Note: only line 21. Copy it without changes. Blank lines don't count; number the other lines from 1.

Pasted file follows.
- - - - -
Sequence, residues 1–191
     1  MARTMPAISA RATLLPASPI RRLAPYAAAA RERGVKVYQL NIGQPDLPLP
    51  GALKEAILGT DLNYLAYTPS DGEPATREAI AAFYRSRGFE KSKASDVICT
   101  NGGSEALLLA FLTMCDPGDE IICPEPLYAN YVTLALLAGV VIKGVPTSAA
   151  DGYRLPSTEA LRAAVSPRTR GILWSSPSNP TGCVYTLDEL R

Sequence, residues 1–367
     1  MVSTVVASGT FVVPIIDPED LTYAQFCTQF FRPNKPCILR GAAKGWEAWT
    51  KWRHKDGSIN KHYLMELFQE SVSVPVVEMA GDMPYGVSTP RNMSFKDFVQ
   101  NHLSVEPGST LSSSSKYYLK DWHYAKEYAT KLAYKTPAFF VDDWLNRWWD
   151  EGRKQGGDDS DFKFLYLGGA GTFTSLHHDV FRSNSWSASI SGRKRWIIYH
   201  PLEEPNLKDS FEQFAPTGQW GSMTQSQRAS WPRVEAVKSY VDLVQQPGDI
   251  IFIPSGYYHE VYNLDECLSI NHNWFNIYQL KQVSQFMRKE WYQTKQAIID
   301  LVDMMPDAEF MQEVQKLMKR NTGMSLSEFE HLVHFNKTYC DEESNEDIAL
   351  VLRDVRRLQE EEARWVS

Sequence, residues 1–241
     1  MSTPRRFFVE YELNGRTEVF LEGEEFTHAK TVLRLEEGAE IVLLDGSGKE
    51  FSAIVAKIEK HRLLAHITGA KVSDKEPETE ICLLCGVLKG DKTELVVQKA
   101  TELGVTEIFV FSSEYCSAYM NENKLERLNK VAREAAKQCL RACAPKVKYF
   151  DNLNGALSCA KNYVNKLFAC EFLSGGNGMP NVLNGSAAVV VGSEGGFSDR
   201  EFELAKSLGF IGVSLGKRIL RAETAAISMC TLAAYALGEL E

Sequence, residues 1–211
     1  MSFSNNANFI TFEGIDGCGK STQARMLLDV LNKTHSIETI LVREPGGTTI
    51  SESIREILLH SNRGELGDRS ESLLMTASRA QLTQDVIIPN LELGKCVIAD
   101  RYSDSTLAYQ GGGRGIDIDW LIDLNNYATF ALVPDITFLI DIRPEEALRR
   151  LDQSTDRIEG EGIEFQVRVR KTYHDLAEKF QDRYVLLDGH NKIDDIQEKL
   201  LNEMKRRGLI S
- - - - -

Sequence, residues 1–211